In fact, in recent years priority sector lending has been reduced to some kind of a farce by including all sorts of loans in this category, including those to software and IT. In addition, banks have been allowed to make good the shortfalls in lending to agricultural sector by depositing the equivalent amounts with the Rural Infrastructure Development Fund (RIDF).
The defaulting banks have been merrily using RIDF to earn a good return instead of taking the trouble and possible risk of lending to farm sector. Now the RBI has taken some measures to discourage this practice and reduced interest rates payable to banks on such deposits by two percentage points across-the-board with effect from November 1, 2003.
As for lending to the SSI sector, the foreign banks were so far required to deposit an amount equivalent to the shortfall in their priority sector target with the Small Industries Bank of India (SIDBI) at an interest rate of 6.75 per cent.
In order to increase the flow of credit to SSIs and rationalise interest rates, it has now been decided to reduce interest rates on such deposits at the level of the Bank Rate (which is 6 per cent at present). Also, SIDBI has been asked to take appropriate steps to ensure that priority sector funds are utilised expeditiously and the benefits of reduction in interest rates are passed on to the borrowers.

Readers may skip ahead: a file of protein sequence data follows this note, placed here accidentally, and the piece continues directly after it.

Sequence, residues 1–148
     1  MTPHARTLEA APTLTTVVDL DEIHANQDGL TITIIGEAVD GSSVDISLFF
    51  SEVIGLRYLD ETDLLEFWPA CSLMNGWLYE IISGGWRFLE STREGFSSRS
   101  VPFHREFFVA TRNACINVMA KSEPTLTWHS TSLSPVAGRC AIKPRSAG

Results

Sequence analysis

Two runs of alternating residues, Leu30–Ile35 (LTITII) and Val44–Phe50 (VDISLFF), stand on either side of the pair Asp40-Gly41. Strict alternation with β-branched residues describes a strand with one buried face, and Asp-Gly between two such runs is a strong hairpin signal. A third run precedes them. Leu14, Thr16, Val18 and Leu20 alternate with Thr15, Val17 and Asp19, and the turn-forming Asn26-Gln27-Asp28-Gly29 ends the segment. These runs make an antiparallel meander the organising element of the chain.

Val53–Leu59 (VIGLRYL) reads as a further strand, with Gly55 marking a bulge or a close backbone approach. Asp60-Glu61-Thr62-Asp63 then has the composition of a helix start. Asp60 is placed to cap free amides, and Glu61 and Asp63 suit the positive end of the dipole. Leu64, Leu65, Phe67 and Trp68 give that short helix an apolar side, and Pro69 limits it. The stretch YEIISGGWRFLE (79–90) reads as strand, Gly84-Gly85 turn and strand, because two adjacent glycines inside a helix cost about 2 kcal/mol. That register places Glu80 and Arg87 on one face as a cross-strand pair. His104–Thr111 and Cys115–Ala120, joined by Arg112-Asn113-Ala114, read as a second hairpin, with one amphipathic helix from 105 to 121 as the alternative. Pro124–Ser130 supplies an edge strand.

Concerned over the continued neglect of priority sector lending, it has also been proposed to constitute an Advisory Committee on Flow of Credit to Agriculture and Related Activities and a Working Group on Flow of Credit to SSI Sector.
One wonders what purpose they will serve when a plethora of earlier committee reports both on agriculture and SSIs have been gathering dust.
The only positive measure in this respect is the permission now granted by RBI to further increase the loan limit without collateral to well-performing SSI units from Rs 15 lakh to Rs 25 lakh. Earlier, in April 2002, this limit was raised from Rs 5 lakh to Rs 15 lakh.
Micro-finance is another area that needs closer attention as it can serve as an effective instrument to alleviate widespread poverty, particularly in rural areas.
In recent years, micro-finance has helped the poorest people to improve their lot. However, the concept is yet to spread to such States as Bihar and Uttar Pradesh.
Interestingly, the majority of SHGs financed by banks have been set up by women who are not only saving for their families but are getting subtly empowered in the process. In these cases the leakages are virtually nil and the loan recovery rate is 98 per cent.
Against this background, the RBI wants to upscale the micro-finance schemes. On the basis of the recommendations of the four informal groups constituted earlier, the central bank now proposes to provide incentives to bank branches in financing self-help groups (SHGs), simplify procedures and provide flexibility to suit local conditions.
The RBI wants the approach to micro-financing to be absolutely hassle-free. It is also suggested that Nabard should reinforce its commitment to maintaining and enhancing the flow of micro finance.
It is evident from the foregoing that the thrust of the mid-term Credit Policy review is to look beyond the rate cuts and concentrate on addressing the various qualitative issues aimed at toning up the working of the banks and improving credit delivery.